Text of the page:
Geological surveys have been made of these island groups constituting a dominantly alkaline volcanic chain, roughly parallel to, and NE of, the Tertiary island arc of New Ireland, in NE Papua New Guinea. The islands consist mainly of Pliocene and Pleistocene lava flows and volcaniclastic deposits, but pre-Middle Miocene volcanic rocks are known in the Tabar Islands. Quartz trachytes, the only silica-oversaturated rocks of the chain, represent the youngest extrusive rocks in each island group. Raised Pleistocene coral reefs form fringing terraces on many of the islands, and Miocene reef limestone is preserved on Simberi Island in the Tabar Islands. Present-day thermal activity is found in each of the island groups, but is best developed on Lihir and Feni Islands, where the thermal areas mostly occupy the calderas of Quaternary volcanoes. Whole-rock chemical analyses have been compiled for 116 volcanic rocks (major and trace elements and, for some rocks, REE abundances and 87Sr/86Sr values). Rock-forming minerals in many rocks have also been analysed by microprobe. The analysed rocks are mainly phonolitic tephrite and trachybasalt, but more mafic types are basanite, tephrite, alkali basalt, transitional basalt and ankaramite. Clinopyroxene-rich cumulate inclusions are a common feature of some lava flows.-C.N.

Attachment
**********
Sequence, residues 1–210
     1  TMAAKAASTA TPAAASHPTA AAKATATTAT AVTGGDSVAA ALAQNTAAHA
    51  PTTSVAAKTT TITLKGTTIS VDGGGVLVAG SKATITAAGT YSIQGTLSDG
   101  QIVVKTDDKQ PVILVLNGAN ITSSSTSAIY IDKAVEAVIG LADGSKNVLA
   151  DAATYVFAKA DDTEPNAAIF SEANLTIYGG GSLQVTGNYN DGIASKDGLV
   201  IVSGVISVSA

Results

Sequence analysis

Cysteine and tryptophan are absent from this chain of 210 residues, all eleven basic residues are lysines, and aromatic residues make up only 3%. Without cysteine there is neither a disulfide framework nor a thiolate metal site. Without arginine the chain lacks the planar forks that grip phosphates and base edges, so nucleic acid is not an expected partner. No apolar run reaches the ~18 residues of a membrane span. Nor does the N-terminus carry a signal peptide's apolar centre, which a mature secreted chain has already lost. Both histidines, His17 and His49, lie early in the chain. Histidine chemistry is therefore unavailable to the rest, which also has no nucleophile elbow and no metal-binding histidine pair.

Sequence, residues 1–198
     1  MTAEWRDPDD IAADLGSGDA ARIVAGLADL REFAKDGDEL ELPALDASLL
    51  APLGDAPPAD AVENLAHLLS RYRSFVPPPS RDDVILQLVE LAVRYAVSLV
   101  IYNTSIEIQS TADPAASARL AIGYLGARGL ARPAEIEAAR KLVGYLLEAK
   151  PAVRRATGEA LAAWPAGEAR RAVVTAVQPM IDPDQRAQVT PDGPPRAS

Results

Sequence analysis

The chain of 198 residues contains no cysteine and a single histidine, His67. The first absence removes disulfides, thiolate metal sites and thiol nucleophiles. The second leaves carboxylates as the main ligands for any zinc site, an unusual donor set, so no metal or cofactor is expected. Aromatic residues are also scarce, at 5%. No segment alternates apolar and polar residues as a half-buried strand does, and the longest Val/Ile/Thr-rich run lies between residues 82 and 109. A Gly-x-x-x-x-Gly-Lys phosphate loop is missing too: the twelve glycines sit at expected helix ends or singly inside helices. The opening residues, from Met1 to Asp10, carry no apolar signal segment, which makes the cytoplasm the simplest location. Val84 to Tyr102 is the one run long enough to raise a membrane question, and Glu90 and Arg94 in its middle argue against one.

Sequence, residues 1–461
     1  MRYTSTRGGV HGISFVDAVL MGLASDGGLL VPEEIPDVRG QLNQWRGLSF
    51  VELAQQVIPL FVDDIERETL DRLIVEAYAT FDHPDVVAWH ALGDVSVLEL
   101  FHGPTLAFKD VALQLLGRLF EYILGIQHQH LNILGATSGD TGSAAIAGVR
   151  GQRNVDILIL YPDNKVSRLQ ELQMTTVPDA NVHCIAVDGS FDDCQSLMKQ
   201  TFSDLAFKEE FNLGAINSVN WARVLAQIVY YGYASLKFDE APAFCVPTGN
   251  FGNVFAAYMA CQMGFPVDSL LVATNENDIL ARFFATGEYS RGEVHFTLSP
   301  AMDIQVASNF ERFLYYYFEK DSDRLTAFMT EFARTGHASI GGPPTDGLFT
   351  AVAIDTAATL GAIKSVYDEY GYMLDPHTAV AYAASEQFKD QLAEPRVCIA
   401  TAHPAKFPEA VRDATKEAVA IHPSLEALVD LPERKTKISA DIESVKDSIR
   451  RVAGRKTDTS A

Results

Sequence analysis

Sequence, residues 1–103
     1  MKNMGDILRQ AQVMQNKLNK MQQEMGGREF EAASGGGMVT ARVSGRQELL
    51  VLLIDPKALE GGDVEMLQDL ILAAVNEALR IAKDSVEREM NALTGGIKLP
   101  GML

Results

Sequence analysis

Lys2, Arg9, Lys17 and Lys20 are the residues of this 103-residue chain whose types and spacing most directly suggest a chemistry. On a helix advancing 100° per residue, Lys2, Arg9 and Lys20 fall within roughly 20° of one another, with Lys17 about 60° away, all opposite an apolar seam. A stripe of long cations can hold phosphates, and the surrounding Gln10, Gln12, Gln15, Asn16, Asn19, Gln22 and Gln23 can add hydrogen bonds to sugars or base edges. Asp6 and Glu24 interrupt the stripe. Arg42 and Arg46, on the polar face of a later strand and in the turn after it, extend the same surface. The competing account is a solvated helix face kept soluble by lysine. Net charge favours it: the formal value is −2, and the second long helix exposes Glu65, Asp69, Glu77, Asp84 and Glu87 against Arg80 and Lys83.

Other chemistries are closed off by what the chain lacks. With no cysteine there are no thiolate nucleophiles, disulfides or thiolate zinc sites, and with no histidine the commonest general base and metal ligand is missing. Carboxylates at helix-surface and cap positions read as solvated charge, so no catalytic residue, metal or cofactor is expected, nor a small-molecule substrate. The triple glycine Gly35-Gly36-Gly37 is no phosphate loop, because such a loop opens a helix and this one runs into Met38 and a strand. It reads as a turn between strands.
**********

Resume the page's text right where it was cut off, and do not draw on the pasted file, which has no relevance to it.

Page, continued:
|Journal||Report, Bureau of Mineral Resources, Australia|
|Publication status||Published - 1983|